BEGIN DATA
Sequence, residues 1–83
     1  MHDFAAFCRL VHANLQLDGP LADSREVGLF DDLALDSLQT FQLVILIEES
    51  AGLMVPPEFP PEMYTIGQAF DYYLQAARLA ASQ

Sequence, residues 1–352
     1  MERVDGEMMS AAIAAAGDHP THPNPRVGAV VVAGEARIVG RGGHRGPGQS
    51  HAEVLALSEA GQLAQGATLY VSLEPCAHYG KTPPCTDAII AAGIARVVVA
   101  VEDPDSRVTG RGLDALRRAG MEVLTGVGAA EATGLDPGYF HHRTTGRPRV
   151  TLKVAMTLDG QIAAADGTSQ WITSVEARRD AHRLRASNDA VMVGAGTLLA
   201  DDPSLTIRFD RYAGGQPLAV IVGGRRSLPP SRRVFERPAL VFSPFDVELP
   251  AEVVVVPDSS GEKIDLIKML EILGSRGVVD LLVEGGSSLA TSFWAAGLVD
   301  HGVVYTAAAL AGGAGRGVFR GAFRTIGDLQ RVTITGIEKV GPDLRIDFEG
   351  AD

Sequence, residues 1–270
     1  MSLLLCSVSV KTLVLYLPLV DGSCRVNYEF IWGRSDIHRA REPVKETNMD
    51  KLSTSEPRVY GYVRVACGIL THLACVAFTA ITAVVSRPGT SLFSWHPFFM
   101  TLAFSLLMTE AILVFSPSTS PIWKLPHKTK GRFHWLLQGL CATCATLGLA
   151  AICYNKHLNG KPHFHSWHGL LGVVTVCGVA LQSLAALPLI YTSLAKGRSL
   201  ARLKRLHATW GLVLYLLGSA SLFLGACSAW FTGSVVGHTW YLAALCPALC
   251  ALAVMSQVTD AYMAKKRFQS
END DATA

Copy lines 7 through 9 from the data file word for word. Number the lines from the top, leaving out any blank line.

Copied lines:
   101  VEDPDSRVTG RGLDALRRAG MEVLTGVGAA EATGLDPGYF HHRTTGRPRV
   151  TLKVAMTLDG QIAAADGTSQ WITSVEARRD AHRLRASNDA VMVGAGTLLA
   201  DDPSLTIRFD RYAGGQPLAV IVGGRRSLPP SRRVFERPAL VFSPFDVELP